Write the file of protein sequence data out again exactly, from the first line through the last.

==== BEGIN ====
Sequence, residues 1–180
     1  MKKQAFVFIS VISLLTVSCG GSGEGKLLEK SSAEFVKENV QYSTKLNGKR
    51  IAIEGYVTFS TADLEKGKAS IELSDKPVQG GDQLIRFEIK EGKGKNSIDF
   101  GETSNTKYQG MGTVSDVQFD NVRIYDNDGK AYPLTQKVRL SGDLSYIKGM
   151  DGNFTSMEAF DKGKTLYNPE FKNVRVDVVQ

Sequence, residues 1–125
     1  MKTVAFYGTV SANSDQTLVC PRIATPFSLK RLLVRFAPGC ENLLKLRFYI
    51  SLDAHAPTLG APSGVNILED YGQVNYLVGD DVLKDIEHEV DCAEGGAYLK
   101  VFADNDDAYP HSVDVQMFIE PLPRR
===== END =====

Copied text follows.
Sequence, residues 1–180
     1  MKKQAFVFIS VISLLTVSCG GSGEGKLLEK SSAEFVKENV QYSTKLNGKR
    51  IAIEGYVTFS TADLEKGKAS IELSDKPVQG GDQLIRFEIK EGKGKNSIDF
   101  GETSNTKYQG MGTVSDVQFD NVRIYDNDGK AYPLTQKVRL SGDLSYIKGM
   151  DGNFTSMEAF DKGKTLYNPE FKNVRVDVVQ

Sequence, residues 1–125
     1  MKTVAFYGTV SANSDQTLVC PRIATPFSLK RLLVRFAPGC ENLLKLRFYI
    51  SLDAHAPTLG APSGVNILED YGQVNYLVGD DVLKDIEHEV DCAEGGAYLK
   101  VFADNDDAYP HSVDVQMFIE PLPRR